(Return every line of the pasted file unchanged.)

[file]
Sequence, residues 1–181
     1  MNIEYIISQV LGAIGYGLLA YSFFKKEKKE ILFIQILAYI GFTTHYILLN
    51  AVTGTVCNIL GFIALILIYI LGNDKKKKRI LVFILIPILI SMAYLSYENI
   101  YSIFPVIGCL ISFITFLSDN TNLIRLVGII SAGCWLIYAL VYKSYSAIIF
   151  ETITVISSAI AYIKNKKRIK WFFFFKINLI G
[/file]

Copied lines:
Sequence, residues 1–181
     1  MNIEYIISQV LGAIGYGLLA YSFFKKEKKE ILFIQILAYI GFTTHYILLN
    51  AVTGTVCNIL GFIALILIYI LGNDKKKKRI LVFILIPILI SMAYLSYENI
   101  YSIFPVIGCL ISFITFLSDN TNLIRLVGII SAGCWLIYAL VYKSYSAIIF
   151  ETITVISSAI AYIKNKKRIK WFFFFKINLI G